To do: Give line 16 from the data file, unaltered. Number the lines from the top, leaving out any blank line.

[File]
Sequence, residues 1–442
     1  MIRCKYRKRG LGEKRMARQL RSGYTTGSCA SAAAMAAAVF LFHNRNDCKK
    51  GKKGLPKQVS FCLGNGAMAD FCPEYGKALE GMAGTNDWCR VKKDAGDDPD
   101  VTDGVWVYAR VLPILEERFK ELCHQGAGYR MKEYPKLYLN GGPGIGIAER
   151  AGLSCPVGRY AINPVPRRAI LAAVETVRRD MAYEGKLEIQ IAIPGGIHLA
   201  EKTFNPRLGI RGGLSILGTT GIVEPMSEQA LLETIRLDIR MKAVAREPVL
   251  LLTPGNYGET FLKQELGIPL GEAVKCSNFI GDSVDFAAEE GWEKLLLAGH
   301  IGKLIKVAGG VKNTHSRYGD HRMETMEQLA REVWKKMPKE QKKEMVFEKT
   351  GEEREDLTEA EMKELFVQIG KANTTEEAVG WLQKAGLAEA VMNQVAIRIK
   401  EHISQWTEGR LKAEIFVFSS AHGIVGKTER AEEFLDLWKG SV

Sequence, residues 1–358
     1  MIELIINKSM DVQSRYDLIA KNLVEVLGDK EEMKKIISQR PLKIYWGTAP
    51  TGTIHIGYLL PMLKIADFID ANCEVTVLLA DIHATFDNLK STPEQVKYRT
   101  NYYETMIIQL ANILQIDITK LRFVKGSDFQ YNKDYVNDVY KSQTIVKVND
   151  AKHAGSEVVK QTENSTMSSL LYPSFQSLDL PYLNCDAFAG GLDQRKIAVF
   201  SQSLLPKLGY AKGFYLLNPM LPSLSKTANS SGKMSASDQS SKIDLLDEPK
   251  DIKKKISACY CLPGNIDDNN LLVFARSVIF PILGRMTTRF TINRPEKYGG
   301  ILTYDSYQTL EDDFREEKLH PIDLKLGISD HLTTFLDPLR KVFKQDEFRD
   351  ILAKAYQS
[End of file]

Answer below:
   201  SQSLLPKLGY AKGFYLLNPM LPSLSKTANS SGKMSASDQS SKIDLLDEPK